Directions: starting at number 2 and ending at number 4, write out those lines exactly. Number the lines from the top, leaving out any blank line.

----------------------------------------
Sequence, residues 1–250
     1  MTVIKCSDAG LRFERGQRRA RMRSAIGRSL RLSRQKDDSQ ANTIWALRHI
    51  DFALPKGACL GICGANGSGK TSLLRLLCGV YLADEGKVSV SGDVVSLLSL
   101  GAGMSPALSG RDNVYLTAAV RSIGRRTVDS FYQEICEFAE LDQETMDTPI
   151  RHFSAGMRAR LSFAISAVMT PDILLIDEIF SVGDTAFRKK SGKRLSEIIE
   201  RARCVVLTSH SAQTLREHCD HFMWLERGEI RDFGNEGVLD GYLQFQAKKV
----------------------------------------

     1  MTVIKCSDAG LRFERGQRRA RMRSAIGRSL RLSRQKDDSQ ANTIWALRHI
    51  DFALPKGACL GICGANGSGK TSLLRLLCGV YLADEGKVSV SGDVVSLLSL
   101  GAGMSPALSG RDNVYLTAAV RSIGRRTVDS FYQEICEFAE LDQETMDTPI